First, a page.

Has beef turned a corner


Has beef turned a corner?

Agribusiness Bulletin

Do recent rises in cattle price mean we are turning a corner, or is this a temporary aberration?

The Agribusiness Bulletin

The Agribusiness Bulletin focuses on national and local industry, as well as cross-industry insights and trends. This includes some of the drivers we expect to shape the future of the industry and potential challenges that may arise.

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Beef has been and will be an important contributor to Australia's economy – it is one of the few industries outside of mining where we are relevant on a world scale. We are the seventh biggest producer in the world and the third largest exporter; so small gains can make a big difference to us as a beef-exporting country.

With recent rises in cattle price the question we’ve been asking ourselves is – are we turning a corner, or is this a temporary aberration?

Whilst all has not been well and there is definitely some pain out there, we argue in this article that beef may be worth a look with fresh eyes.

There are a number of factors why those in the beef industry and those investing in the industry should be optimistic.

Cattle herd

The Australian cattle herd is at record lows.  Given drought conditions and the destocking that has occurred, MLA estimates that the herd will fall to 26.8m head by June this year, the lowest level in 20 years.  Supply is already tight and many graziers have enjoyed reasonable rainfall in recent months which is a positive for saleyard prices. Herd rebuilding is the name of the game now and MLA predicts it will be at least two to three years before levels reach those held before the most recent dry spell. Life is tougher for those having to rebuild breeding herds, but a sustained period of firmer prices will assist cash flows and market sentiment.

The Australian dollar

The macro environment is also favourable with falling domestic interest rates and a much stronger US currency driving our dollar below 80c. When you're in an industry that exports as much of its product that beef does and most of that is in US dollars it is a beautiful thing. Most economists will tell you the Australian dollar has been trading above its fair value for years and this is a natural adjustment. Of course they can never tell you when it will get back to that level, but it would appear most commentators are saying the balance of probabilities is for further softening of the AUD.

The China-Australia Free Trade Agreement (FTA)

We have previously set out in detail our Deloitte Access Economics team's view that the China – Australia FTA would have a subdued but positive effect on beef production and prices. The fall in tariffs making our product more price competitive in China isn't the real story. The real story is that Chinese consumers will now see that their government has given Australian produce a ‘de facto’ government approval and legitimacy on China’s supermarket shelves. The amazing growth of Fonterra in China is testament to what this legitimacy can bring.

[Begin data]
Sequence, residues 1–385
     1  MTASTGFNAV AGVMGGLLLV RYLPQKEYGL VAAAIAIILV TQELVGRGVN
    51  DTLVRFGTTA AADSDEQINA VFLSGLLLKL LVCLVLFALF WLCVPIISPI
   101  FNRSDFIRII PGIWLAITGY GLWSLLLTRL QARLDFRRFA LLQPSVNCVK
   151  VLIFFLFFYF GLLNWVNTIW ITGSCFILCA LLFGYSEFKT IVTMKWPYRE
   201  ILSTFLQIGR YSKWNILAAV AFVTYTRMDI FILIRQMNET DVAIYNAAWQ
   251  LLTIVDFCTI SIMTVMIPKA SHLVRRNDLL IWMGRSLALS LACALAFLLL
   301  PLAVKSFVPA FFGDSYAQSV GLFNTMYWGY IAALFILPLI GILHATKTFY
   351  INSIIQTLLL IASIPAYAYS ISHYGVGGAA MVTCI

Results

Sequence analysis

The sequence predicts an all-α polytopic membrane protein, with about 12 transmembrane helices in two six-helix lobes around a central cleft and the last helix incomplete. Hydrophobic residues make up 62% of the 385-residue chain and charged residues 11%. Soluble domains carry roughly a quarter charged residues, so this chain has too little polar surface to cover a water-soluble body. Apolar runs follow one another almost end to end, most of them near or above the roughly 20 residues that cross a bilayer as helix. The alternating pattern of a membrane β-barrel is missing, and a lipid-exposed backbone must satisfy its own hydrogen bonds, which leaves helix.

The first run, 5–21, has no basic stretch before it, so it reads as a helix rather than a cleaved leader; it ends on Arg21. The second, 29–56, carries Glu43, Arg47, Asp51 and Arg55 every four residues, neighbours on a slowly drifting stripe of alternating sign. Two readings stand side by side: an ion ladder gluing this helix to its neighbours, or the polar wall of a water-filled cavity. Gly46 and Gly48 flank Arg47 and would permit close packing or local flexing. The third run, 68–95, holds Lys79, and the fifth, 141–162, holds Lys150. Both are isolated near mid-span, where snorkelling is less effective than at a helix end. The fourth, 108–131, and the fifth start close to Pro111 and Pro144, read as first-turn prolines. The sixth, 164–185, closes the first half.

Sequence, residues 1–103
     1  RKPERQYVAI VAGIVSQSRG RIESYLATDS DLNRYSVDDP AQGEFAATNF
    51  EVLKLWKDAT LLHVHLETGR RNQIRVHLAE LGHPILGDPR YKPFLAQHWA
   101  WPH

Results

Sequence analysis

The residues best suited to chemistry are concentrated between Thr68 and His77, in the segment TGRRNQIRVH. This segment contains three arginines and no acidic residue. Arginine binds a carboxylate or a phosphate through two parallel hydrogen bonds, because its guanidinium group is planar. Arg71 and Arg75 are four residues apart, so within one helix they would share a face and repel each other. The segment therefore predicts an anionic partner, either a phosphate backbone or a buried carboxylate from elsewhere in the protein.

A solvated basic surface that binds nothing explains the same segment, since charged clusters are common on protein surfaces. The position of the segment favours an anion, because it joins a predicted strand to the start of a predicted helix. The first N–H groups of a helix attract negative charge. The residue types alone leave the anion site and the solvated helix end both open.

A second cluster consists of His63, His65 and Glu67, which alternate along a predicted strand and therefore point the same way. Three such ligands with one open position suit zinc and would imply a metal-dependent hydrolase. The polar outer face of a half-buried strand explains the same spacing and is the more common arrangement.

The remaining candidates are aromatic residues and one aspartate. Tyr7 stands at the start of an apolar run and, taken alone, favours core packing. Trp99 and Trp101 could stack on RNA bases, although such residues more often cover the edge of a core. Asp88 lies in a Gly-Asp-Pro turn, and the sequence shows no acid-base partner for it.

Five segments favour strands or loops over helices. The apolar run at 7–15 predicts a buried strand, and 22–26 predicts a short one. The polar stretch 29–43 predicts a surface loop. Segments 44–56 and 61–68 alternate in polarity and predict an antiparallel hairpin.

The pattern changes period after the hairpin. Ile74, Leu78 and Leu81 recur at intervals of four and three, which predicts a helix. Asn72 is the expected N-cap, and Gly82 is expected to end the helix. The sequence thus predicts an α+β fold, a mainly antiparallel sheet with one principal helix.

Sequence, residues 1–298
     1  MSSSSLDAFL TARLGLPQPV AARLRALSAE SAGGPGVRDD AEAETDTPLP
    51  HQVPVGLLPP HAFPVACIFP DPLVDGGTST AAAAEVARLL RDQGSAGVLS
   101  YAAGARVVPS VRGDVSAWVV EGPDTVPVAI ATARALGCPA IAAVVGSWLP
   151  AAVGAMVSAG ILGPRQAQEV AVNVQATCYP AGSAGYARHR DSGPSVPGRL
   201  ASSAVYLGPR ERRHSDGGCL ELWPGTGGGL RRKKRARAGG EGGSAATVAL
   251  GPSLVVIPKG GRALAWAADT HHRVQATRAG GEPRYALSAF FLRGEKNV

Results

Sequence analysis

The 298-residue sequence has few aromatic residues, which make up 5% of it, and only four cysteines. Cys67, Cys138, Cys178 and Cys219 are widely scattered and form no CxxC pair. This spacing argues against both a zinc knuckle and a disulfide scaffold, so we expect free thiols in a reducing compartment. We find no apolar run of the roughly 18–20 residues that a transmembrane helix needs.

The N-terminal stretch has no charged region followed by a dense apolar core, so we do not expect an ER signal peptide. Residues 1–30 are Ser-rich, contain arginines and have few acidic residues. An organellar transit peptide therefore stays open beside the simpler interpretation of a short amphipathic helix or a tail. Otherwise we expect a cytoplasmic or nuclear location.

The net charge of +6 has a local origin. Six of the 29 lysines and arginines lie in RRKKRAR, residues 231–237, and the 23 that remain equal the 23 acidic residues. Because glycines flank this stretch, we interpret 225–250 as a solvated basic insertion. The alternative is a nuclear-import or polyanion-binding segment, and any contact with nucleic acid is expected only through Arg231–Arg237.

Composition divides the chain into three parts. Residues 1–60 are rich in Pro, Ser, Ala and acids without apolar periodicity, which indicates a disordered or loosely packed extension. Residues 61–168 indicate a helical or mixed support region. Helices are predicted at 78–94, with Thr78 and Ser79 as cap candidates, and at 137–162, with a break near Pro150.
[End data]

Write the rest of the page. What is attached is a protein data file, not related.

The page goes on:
The FTA underlines a theme we have spoken of many times, particularly in our Building the Lucky Country series, of the growing demand for protein from the emerging middle class of Asia.  Our production will have no chance of feeding those masses, however the drag along effect of the demand will help. A lot. Particularly if we can exploit the opportunity in higher quality, higher value produce for Asian consumers.


No one can pick the weather and I am not about to, other than to say after a prolonged dry spell (and drought in many areas of Queensland and New South Wales), the odds are that we are closer to a wetter cycle. A good sign is that Northern Queensland, which has had a really troubled couple of years, has had some strong rainfall patterns this summer. The Bureau of Meteorology predicts a reasonably average upcoming autumn rainfall pattern, after being below average in prior years.

Input prices

Input prices are also falling. Reasonable in-crop rainfall has resulted in lower wheat, barley, cotton seed, and other fodder costs for livestock producers. For instance, Darling Downs wheat has continued its downward trend of 2014, with prices down to $360 to $370 per tonne most recently. Recent pricing across the country also shows hay either steady or falling in most districts.

All these indicators point to an improvement in core profitability in the short to medium term.

However, core profitability is only half the equation of a good investment/lending proposition.  

What is more important is the profitability in the context of how much has been invested, adjusted for risk ( the risk adjusted return on assets). We have been arguing for some time that land prices in some areas have been too high for the profit that many farms make. Reported returns on North Queensland beef farms of low single digits, were not sustainable, particularly given the business risk farmers take. There is a valuation/financial return gap which must be closed, although in the beef industry (with production cycles extending to years) these sorts of imbalances can take a long time to play out.

There are only two things that must happen to close the valuation/financial return gap, either land prices must go down, or profitability must go up. In recent times we have seen land prices coming down (and we will be watching the next ABARES farm returns report with interest - due in March), and with the recent changes in the market, profitability is improving. Whilst in some areas there’s a way to go before we see acceptable returns, with the positive signs we are seeing, beef is definitely worth another look.

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